ENID, Okla. —
Timm said the city’s water issues are driven more by drought than any other factor, and people will have to begin to change the way they look at water resources.
“I think having this water is a luxury we’ve always had,” Timm said. “It’s a luxury to just expect that water will be there when you turn on the tap. Everyone’s just used to walking up to a hydrant and turning it on. It’s a serious issue that needs to be addressed everywhere.”
Timm said he’s in favor of “drilling more wells, or doing whatever it takes to get this water situation under control before it’s too late.”
He said building a city lake or reservoir during a drought probably would not be a good investment.
“Counting on lakes and things like that right now is probably a bad option,” Timm said. “The way lakes work, you have to have rain.”
Question: Should attracting new industry and supplying current commercial users be a priority for the city’s water resources?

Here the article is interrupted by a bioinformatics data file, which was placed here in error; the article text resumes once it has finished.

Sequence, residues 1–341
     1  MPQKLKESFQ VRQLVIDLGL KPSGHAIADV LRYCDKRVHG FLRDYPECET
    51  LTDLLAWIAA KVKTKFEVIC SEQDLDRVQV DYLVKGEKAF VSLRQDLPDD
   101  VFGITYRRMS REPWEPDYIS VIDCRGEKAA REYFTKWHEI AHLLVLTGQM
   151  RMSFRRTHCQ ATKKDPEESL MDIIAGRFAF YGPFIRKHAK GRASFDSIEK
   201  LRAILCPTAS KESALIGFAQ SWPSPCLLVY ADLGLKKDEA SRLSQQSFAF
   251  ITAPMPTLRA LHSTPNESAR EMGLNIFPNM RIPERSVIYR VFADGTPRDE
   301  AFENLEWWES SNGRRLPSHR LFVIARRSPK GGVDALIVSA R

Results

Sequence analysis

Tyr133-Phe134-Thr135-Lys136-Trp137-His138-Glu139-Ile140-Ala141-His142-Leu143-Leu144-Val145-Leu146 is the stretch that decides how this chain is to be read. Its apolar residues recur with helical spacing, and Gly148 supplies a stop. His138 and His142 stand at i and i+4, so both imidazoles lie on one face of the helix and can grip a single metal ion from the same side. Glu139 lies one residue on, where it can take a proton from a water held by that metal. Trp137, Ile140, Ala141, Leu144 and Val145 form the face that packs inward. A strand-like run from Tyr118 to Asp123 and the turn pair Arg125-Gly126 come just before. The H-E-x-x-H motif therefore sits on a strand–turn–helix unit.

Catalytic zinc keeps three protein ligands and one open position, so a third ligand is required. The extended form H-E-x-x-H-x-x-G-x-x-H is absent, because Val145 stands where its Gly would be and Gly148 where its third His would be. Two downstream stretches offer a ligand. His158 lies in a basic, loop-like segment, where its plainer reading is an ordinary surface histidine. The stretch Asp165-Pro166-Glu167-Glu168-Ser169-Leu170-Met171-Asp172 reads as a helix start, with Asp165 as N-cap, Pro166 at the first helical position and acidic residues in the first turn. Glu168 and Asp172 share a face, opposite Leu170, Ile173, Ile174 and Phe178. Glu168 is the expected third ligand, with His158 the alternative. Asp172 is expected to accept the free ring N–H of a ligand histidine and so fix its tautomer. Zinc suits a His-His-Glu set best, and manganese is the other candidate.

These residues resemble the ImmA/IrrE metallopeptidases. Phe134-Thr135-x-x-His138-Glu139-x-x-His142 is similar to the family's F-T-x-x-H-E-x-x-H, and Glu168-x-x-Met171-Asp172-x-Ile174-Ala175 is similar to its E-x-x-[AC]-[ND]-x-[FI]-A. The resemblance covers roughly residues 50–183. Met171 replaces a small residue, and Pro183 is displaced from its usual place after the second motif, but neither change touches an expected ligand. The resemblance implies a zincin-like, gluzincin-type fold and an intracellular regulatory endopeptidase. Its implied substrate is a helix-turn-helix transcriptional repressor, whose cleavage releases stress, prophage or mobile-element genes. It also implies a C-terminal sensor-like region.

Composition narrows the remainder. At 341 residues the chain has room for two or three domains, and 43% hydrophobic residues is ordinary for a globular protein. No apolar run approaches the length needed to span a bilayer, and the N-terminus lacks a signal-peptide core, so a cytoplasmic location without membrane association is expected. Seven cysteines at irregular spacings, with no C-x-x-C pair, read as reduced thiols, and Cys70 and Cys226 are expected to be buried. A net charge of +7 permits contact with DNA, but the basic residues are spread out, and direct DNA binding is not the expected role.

“We need to look at attracting industry that doesn’t use so much water,” Kaufman said. “The new canola plant will use 500,000 gallons per day. For 50 jobs, 500,000 gallons a day, I don’t think that was a good deal.”
“I would think that would be a big concern,” Timm said, regarding using water resources to attract new industry.
“We would sure have to work out how much water they’re going to use before we brought anything in. I don’t want to turn down industry, but we do need to make sure the citizens have water also.”
Enid Renaissance Project
In 2010, Enid voters rejected by a vote of 4,023-3,892 a $20 million bond issue for the Gateway Enid project. The city had committed to add an additional $20 million to the project.
The city opted in 2011 to go ahead with renovation of Convention Hall and construction of the new Enid Event Center, with the “brick-and-mortar” expenses to be covered by the city’s $20 million share of the original Gateway plan.
Convention Hall was reopened to the public in November after completion of a more than $7 million renovation contract. Enid Event Center is nearing completion, with a contract and change orders that now have topped $18 million.